If equity markets in 2017 were defined by historically low volatility, that trend was blown up just six weeks into 2018, as the S&P 500 lost more than 3.5 percentage points – and bounced back again – in the space of just 15 minutes. The Vix index of S&P 500 implied volatility also experienced a violent move around the same time. It finished the day at 37.32, having opened on Friday at 13.64.
It was yet another example of the intraday stress events market-makers are facing on an increasingly regular basis. For Citadel Securities, the event helped justify an overhaul of its risk management framework, implemented at the beginning of the year to cope better with these short, extreme bouts of volatility.
“As a result of the changes we implemented, we were able to spot the risk, adjust our risk budget in real time in ETFs [exchange-traded funds] and options markets,” says Frank Krepelka, head of risk and trading operations at Citadel Securities.
By being able to alter its own risk limits in real time, the firm could increase its market-making capabilities in products requiring more liquidity. Previously, it used static risk controls, which were less flexible and required a manual process for adjusting the risk budget. Moving to an automated system enables Citadel to dial up or dial down individual businesses’ risk limits in real time – such as during flash, highly volatile events – while at the same time ensuring the firm’s overall risk limit is not breached.
This change was partly inspired by the volatility of August 2015, when China devalued its currency for a second consecutive day, sending shockwaves across financial markets. Other events also contributed, including the US Treasuries flash rally in 2014 and the Swiss National Bank de-pegging event in 2015.
“These types of events are occurring more and more, and we really wanted to be prepared for the next one to make sure that we continue to have the risk budget in place and capacity to stay in the market no matter what happens,” says Krepelka.
Citadel also overhauled its capital management framework, which works hand-in-hand with the new market risk structure. By looking at datasets to analyse the firm’s historical use of capital, Krepelka says it has been able to take better capital forecasts for the business.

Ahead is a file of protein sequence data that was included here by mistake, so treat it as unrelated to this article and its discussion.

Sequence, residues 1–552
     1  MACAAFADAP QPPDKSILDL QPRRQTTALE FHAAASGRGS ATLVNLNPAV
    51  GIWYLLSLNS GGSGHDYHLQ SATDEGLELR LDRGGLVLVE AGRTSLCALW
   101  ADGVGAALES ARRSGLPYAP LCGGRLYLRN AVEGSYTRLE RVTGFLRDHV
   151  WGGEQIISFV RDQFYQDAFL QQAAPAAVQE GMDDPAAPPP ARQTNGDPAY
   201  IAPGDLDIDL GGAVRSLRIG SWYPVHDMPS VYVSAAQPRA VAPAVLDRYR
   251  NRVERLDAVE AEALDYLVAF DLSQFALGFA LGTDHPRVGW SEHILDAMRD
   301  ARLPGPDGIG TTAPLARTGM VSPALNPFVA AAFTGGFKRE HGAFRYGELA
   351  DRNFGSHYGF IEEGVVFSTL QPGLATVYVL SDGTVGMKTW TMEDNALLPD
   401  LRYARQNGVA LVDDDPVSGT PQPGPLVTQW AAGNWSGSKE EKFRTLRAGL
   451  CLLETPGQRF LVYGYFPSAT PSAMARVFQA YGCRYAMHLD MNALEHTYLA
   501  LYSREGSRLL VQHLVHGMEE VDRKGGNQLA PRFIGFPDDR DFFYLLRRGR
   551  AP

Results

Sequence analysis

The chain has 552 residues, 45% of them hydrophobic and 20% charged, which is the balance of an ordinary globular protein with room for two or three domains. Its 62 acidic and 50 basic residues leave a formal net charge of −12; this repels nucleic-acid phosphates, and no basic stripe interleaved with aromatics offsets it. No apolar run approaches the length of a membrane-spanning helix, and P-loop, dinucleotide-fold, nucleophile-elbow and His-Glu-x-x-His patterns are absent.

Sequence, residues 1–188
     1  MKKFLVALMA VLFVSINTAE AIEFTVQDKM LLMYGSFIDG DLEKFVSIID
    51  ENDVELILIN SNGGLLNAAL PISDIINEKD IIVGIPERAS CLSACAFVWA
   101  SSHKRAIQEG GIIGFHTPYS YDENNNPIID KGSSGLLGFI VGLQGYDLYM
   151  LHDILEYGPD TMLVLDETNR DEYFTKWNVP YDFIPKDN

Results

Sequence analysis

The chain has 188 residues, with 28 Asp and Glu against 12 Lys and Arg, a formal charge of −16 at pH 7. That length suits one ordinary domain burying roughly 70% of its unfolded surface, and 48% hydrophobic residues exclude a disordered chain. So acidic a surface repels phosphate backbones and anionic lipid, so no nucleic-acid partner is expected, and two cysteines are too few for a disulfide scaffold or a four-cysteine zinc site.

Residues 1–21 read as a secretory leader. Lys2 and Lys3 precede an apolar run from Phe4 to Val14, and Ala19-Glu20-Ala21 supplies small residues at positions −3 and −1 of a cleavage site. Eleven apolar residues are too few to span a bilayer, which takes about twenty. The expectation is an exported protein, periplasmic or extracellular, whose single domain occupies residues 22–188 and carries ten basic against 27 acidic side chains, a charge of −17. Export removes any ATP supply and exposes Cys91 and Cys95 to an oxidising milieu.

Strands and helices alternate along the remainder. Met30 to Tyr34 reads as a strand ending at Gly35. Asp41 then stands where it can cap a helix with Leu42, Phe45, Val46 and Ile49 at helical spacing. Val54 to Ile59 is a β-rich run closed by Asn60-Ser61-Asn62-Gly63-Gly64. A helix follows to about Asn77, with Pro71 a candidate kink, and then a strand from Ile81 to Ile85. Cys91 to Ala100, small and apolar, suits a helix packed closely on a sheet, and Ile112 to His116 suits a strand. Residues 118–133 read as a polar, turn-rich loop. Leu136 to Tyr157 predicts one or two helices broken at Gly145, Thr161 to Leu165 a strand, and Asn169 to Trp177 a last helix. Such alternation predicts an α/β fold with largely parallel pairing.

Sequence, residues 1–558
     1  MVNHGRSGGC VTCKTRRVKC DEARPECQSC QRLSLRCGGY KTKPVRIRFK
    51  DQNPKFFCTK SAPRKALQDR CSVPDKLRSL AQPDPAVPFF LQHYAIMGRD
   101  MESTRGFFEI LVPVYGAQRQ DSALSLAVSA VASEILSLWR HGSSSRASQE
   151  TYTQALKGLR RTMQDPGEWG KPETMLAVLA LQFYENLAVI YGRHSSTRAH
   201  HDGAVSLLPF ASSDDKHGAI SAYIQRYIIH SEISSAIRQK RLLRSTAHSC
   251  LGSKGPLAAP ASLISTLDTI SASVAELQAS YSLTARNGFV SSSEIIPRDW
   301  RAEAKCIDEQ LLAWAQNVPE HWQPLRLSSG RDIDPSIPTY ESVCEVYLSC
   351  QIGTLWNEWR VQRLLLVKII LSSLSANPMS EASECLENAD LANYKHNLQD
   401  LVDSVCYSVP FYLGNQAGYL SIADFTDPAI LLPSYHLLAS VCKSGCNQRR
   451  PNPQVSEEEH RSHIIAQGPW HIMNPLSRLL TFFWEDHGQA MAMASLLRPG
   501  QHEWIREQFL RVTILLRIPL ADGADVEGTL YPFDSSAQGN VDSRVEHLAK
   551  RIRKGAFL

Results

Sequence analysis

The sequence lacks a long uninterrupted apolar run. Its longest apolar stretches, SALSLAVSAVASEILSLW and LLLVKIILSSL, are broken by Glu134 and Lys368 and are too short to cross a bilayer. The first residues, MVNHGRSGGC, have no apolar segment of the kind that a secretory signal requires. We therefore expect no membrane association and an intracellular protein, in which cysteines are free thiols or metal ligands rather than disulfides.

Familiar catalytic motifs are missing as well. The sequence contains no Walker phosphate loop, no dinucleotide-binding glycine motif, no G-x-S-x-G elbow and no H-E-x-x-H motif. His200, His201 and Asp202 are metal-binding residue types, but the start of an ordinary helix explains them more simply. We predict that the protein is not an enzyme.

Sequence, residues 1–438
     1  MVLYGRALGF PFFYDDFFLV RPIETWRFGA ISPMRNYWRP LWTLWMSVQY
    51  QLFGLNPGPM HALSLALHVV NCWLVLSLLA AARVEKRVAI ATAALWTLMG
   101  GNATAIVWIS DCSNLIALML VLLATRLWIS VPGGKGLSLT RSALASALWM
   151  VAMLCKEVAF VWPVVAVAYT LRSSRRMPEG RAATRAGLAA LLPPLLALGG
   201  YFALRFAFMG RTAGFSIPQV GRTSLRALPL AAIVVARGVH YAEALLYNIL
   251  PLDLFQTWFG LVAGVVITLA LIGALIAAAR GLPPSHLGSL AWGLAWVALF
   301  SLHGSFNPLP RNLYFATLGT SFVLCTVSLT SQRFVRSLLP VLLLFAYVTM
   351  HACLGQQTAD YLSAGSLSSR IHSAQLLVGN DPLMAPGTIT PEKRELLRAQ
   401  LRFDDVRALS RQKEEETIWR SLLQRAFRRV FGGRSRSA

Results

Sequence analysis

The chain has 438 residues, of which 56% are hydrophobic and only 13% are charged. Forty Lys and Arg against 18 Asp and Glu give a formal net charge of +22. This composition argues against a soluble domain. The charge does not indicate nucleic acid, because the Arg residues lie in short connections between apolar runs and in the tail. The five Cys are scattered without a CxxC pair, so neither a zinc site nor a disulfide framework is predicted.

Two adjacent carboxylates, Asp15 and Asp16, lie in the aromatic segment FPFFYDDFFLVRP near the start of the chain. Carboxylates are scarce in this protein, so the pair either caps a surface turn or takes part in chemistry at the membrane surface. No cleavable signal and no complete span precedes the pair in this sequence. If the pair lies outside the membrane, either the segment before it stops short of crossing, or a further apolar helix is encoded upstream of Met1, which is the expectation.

“Ordinarily in volatility ETFs, we would have certain capital usage and a certain risk usage, but during the February 5 event, we were able to reach into our buffers and add more capacity to those areas in real time, because those are the areas that were experiencing volatility,” he says.
This practice of adjusting risk and capital limits in real-time is managed by the firm’s desk supervisors and risk managers, who do this according to policies set in conjunction with the firm’s independent risk and treasury functions. The business also has an electronic trading risk management committee which helps the firm share ideas between its different market-making businesses on a monthly basis and drives the strategy for managing risks that arise with automated trading.
Citadel has been busy innovating its product offering to help consolidate its market share across US retail and institutional markets. The firm’s total market share in US equities now exceeds the 20% it had 12 months ago and the 17% it clocked two years prior.
Clients put this down, in part, to enhancements to non-marketable limit order fill rates – stock orders that are not immediately executable as they are not aggressing the current bid-offer. Typically this volume would go to the exchanges, but by going to Citadel directly, the customer is receiving a 2%–5% increase in its fill rate versus the exchange.
The market-maker has also improved the productivity of its algo offering for clients in benchmark orders, growing the number of shares executed in this manner by 36%.
One of the highlights for the firm was its direct listing of Spotify stock on the New York Stock Exchange (NYSE) on April 3. Typically, an initial public offering (IPO) will involve an underwriter and bookrunners, which gives some security on the listing and helps drum up interest in the stock.
“What was different with Spotify is the direct listing essentially eliminated the entire pre-IPO underwriting and book-building process,” says Joe Mecane, head of execution services at Citadel Securities. “In that scenario, you want someone who has the trading expertise to be able to handle that unknown, handle the stock pricing, and be able to transition the stock from the private market to the public market in one transaction.”
In this scenario, Citadel was selected to run the transition of stock from the private to the public market in one transaction – a first for the NYSE.
“This was not only the first one that has been done on the NYSE, but also the largest by far of any that has ever been done on any exchange,” says Mecane.